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90s Slang You Should Know

Martha

[mahr-thuh] /ˈmɑr θə/
noun
1.
the sister of Mary and Lazarus. Luke 10:38–42; John 11:1–44.
2.
a female given name: from an Aramaic word meaning “lady.”.
Dictionary.com Unabridged
Based on the Random House Dictionary, © Random House, Inc. 2017.
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Examples from the Web for Martha
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Historical Examples
  • When Martha came to help her dress for dinner, she still sang.

    Parrot & Co. Harold MacGrath
  • Time had never been when Martha Ann Jackson was so flustered.

    The heart of happy hollow Paul Laurence Dunbar
  • Of the four of them Martha the Mare, who was dressed like a man, showed the least change.

    Lysbeth H. Rider Haggard
  • Martha Ann, who was listening at the door, was sobbing audibly.

    The heart of happy hollow Paul Laurence Dunbar
  • I had seen a lot of different girls of all kinds since I had seen Martha.

    Danny's Own Story Don Marquis
British Dictionary definitions for Martha

Martha

/ˈmɑːθə/
noun
1.
(New Testament) Saint Martha, a sister of Mary and Lazarus, who lived at Bethany and ministered to Jesus (Luke 10:38–42). Feast day: July 29 or June 4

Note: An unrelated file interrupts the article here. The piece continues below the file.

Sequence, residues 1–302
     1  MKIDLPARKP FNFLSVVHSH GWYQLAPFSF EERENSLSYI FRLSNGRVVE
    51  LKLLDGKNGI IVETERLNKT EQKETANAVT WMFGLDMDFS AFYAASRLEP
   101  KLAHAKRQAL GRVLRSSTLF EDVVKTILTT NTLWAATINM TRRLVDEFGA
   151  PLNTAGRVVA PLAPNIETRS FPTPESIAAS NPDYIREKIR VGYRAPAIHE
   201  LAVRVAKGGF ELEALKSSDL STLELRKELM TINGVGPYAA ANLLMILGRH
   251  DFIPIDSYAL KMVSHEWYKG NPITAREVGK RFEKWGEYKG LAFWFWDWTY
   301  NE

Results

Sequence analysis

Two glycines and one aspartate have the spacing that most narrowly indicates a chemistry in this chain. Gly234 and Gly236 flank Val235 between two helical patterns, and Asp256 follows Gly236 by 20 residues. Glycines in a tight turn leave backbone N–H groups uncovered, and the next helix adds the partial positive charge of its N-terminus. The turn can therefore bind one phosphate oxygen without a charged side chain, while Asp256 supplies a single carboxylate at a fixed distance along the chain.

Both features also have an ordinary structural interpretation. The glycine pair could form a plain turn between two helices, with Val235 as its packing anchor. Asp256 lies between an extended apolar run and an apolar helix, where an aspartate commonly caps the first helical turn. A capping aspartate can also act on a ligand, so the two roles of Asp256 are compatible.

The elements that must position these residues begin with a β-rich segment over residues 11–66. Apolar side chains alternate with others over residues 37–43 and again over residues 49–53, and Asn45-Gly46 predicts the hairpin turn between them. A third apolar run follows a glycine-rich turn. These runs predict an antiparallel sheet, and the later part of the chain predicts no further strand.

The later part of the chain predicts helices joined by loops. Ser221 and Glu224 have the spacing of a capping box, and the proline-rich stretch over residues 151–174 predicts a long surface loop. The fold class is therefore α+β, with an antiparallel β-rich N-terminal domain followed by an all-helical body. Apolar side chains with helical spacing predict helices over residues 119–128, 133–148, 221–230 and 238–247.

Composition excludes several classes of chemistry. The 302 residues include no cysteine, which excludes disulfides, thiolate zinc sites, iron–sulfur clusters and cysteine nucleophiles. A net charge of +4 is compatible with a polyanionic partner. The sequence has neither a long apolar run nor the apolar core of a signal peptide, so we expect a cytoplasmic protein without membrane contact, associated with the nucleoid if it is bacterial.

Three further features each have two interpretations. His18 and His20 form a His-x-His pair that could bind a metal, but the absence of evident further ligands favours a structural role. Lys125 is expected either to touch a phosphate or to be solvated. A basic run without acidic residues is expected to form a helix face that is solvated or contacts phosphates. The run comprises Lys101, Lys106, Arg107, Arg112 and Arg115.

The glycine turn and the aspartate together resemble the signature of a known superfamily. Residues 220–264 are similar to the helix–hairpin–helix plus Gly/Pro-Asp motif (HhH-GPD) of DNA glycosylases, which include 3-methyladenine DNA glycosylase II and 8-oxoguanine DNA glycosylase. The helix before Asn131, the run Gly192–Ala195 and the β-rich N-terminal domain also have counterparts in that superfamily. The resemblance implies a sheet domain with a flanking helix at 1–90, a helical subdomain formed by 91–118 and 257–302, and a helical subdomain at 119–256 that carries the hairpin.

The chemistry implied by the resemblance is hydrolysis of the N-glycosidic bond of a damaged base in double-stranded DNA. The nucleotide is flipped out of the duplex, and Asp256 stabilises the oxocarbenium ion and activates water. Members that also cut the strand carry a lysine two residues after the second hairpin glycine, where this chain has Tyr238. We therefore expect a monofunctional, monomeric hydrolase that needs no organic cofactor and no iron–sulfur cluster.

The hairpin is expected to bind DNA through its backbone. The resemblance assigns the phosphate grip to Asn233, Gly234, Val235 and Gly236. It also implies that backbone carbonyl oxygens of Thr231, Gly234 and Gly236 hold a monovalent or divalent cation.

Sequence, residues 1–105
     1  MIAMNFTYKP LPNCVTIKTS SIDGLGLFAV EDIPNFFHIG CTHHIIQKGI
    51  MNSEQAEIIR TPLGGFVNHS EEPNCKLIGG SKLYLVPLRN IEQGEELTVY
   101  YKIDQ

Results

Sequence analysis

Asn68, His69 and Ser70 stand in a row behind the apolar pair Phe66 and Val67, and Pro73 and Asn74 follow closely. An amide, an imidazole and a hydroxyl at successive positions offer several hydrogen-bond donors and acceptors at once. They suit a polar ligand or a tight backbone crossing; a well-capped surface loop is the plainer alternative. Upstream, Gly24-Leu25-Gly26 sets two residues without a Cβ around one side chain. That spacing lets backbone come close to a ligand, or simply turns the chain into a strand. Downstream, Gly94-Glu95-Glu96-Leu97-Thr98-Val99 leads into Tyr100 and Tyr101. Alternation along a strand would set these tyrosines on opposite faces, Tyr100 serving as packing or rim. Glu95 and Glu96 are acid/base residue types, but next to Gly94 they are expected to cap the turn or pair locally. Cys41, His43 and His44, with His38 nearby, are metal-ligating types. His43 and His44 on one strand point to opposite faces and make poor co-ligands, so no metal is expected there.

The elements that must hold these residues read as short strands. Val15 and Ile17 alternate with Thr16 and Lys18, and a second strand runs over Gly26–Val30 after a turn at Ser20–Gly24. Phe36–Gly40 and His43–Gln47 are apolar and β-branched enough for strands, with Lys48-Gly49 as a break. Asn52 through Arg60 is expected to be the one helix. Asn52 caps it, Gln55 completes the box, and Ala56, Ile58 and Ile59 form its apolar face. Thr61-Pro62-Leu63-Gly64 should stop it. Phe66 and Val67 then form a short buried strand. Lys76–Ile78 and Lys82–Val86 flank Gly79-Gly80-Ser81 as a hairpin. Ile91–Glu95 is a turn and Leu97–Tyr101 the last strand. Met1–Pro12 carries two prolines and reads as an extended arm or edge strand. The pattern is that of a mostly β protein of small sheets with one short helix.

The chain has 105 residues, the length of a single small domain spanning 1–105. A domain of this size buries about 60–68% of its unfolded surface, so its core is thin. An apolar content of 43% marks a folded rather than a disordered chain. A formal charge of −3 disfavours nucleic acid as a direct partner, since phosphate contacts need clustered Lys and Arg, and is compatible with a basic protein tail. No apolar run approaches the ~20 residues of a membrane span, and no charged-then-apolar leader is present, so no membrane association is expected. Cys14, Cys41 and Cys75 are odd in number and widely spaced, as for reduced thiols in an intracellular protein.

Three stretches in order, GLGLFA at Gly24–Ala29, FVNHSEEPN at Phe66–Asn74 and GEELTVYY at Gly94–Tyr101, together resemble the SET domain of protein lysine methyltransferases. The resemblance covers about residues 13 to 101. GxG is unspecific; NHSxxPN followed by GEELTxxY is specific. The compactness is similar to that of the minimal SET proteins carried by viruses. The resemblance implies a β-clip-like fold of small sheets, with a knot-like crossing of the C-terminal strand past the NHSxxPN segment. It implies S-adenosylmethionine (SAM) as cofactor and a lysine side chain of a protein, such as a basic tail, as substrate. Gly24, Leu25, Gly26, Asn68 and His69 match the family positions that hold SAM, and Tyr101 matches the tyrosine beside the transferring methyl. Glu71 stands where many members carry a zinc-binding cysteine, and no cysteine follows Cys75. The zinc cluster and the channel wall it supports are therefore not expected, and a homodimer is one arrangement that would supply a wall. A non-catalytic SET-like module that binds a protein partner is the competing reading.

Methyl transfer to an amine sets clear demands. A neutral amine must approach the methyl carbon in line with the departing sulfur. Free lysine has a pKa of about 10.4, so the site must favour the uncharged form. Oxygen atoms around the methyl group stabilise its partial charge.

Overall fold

Collins English Dictionary - Complete & Unabridged 2012 Digital Edition
© William Collins Sons & Co. Ltd. 1979, 1986 © HarperCollins
Publishers 1998, 2000, 2003, 2005, 2006, 2007, 2009, 2012
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Word Origin and History for Martha

fem. proper name, from Aramaic Maretha, literally "lady, mistress," fem. of mar, mara "lord, master." As the type name of one concerned with domestic affairs, it is from Luke x:40, 41. Martha's Vineyard discovered 1602 by English explorer Gabriel Archer and apparently named by him, but the identity of the Martha he had in mind is unknown now.

Online Etymology Dictionary, © 2010 Douglas Harper
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